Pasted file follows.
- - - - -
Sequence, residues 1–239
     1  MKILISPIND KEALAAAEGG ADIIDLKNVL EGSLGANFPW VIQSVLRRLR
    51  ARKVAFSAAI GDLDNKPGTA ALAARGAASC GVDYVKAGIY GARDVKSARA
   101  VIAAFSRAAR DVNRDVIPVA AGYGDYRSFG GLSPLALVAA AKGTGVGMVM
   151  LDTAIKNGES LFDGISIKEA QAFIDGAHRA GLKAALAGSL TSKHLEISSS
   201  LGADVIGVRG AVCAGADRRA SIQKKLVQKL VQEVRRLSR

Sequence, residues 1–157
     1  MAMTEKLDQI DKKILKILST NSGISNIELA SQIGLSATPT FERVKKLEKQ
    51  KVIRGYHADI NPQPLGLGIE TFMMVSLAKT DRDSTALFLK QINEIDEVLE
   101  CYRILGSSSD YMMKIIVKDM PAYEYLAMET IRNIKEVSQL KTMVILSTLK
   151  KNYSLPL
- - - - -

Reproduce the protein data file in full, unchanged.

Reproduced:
Sequence, residues 1–239
     1  MKILISPIND KEALAAAEGG ADIIDLKNVL EGSLGANFPW VIQSVLRRLR
    51  ARKVAFSAAI GDLDNKPGTA ALAARGAASC GVDYVKAGIY GARDVKSARA
   101  VIAAFSRAAR DVNRDVIPVA AGYGDYRSFG GLSPLALVAA AKGTGVGMVM
   151  LDTAIKNGES LFDGISIKEA QAFIDGAHRA GLKAALAGSL TSKHLEISSS
   201  LGADVIGVRG AVCAGADRRA SIQKKLVQKL VQEVRRLSR

Sequence, residues 1–157
     1  MAMTEKLDQI DKKILKILST NSGISNIELA SQIGLSATPT FERVKKLEKQ
    51  KVIRGYHADI NPQPLGLGIE TFMMVSLAKT DRDSTALFLK QINEIDEVLE
   101  CYRILGSSSD YMMKIIVKDM PAYEYLAMET IRNIKEVSQL KTMVILSTLK
   151  KNYSLPL